The Doctor Is The Patient
I became a patient instead of a doctor last night. The day before yesterday, I flew home from North Dakota for a few days at home before going on a trip to South Dakota. Yesterday, I experienced sudden left calf pain for no reason at all. I hadn’t had a cramp, nor had I injured the leg in any way. Sudden unexplained calf pain can be a sign of a DVT, or a deep venous thrombosis, which is quite dangerous as that blood clot can be thrown into the lung, which in severe cases can result in instant death. Travelers are at high risk for a DVT because sitting for long periods of time can impede blood return from the legs to the heart, and with the blood pooling in dependent areas, it can set up as a clot. I am also over forty years old and am on estrogen in the form of birth control, which increases my risk for DVT even more.
I considered the pain for a while, and I could think of no plausible reason for it to be there. And knowing I had another plane trip in two days, it would seem very foolhardy to hop back on a plane and risk throwing a clot at 30,000 feet up, where there is no medical care available. So I made the decision to take myself to the ER, as they would need to perform a number of tests, most of which are not available at an outpatient clinic.
I arrived at the ER, in my own hospital where I have worked for ten years, and signed in. I was recognized immediately and was signed in. Membership does have its privileges. They instantly brought me back to triage, before an entire waiting crowd of people, had my vitals done and they whisked me directly to a bed.
They immediately drew bloodwork pertinent to the diagnosis of a DVT. Everyone who came into the room recognized me and chatted with me. The lab tech came in and said she’d drawn bloodwork a million times with my name on the order slip, but had never drawn blood on me. She confessed she was a little intimidated. I told her not to be; I have amazingly beautiful veins and I told her she would have no trouble accessing one. Indeed, I was an easy stick. While we were chatting, she told me she was pregnant, and that her doctor was my former partner, who is a great person, so I told her I was happy for her.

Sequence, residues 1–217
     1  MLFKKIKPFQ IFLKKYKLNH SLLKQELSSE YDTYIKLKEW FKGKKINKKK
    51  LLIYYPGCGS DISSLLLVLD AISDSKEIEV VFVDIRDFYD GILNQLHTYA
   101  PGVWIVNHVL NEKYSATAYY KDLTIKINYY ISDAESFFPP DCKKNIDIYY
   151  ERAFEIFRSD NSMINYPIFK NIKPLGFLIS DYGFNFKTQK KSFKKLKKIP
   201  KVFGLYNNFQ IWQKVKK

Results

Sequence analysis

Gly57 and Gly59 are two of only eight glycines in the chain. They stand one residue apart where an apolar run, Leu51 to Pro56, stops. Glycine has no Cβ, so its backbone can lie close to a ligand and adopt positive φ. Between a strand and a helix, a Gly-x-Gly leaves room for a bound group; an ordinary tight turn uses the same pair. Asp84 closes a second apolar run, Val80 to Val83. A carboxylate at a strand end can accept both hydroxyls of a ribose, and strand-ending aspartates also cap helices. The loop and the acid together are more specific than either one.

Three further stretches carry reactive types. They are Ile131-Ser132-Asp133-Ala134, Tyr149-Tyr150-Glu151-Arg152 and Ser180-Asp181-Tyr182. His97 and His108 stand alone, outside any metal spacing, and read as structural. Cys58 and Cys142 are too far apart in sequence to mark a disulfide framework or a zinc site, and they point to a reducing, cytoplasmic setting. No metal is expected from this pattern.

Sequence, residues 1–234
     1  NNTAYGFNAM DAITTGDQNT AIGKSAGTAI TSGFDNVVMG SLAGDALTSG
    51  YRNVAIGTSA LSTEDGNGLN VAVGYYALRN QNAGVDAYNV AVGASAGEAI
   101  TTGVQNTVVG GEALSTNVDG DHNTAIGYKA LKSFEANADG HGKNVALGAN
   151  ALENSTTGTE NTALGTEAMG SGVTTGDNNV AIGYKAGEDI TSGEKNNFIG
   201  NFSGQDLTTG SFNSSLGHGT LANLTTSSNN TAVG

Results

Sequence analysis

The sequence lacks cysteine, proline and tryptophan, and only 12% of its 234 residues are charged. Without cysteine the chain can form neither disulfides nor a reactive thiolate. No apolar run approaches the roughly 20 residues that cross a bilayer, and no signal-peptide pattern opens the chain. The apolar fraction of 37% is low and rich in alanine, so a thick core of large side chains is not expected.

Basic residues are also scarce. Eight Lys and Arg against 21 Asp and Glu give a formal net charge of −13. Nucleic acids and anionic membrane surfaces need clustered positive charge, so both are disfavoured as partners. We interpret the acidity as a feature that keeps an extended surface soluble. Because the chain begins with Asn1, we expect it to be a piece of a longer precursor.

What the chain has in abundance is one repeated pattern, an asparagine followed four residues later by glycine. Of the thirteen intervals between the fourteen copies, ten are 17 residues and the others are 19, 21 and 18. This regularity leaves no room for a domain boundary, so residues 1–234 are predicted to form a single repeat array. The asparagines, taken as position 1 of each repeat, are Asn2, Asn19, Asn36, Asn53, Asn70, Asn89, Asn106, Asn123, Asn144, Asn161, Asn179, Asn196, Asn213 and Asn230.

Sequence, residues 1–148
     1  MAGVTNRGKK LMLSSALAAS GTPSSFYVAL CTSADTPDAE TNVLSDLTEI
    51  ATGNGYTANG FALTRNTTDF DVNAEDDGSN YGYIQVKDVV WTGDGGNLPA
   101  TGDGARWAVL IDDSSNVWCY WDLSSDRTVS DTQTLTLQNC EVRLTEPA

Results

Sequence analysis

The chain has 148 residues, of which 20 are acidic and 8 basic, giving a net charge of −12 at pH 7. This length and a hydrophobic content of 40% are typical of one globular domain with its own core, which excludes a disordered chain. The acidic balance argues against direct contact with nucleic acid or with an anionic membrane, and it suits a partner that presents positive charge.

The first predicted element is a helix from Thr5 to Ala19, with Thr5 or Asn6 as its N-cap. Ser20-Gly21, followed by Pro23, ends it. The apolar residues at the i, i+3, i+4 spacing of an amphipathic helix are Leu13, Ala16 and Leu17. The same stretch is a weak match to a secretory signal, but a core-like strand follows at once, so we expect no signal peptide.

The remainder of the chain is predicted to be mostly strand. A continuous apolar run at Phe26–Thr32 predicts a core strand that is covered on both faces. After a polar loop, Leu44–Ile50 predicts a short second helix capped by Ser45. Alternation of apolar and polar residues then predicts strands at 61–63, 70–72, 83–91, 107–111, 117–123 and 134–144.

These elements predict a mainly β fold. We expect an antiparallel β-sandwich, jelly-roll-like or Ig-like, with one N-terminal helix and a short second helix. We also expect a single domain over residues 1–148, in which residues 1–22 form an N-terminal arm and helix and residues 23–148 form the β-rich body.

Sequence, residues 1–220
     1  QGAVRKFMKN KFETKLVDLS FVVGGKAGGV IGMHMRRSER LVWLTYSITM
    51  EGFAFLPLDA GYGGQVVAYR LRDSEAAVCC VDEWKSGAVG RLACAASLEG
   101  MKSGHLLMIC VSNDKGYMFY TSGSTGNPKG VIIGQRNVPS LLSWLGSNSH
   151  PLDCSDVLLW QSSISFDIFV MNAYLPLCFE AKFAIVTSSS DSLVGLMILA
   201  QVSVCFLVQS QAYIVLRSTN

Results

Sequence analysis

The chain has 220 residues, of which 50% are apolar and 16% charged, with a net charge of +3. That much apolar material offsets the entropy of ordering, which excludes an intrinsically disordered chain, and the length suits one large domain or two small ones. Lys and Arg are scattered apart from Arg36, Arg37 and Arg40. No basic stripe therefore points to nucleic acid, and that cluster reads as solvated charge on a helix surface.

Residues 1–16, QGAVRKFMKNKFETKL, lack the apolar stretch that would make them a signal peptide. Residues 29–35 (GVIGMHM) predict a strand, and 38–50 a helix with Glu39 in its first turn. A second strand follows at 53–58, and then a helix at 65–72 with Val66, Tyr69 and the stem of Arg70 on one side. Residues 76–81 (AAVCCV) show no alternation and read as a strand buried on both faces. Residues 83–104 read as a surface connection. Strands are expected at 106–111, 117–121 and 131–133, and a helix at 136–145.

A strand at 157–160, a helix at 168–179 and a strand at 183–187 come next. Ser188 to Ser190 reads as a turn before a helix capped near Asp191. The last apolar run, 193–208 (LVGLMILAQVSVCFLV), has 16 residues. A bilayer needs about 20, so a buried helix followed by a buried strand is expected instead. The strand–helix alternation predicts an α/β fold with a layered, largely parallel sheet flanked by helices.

Next the ER doctor came in, and he is one of my friends, which was great. He’s also brilliant, by any standards, which is also great. He’s also qute eccentric, which I enjoy. He was always calling me when I was on call, and he always starts his explanation with “I’ve got this girl here…”. Doesn’t matter if the girl is twenty or eighty. So he came in and chatted with me about what the problem was, and he checked out my leg and checked pulses and all that good stuff. Then he ordered leg dopplers and headed back out.
The doppler tech came in, and I know her too, so we started chatting about all the crazy things going on in the hospital, and about how everyone is so scared for their jobs, because they are slowly shutting the hospital down. She scanned the leg, and everything turned out OK. Several years ago, I had contacted the CEO regarding equipment that they needed for the vascular lab and weren’t getting. I asked if she ever got the equipment. She smiled and said she got it the next day. It was good to see her.
The RN came in to see if I needed anything. We chatted too, about the job situation. She’s a former EMT and firefighter, and she has maintained her certification in both so she may have more options than some. She adjusted the thermostat for me and got me tucked in to wait on lab results.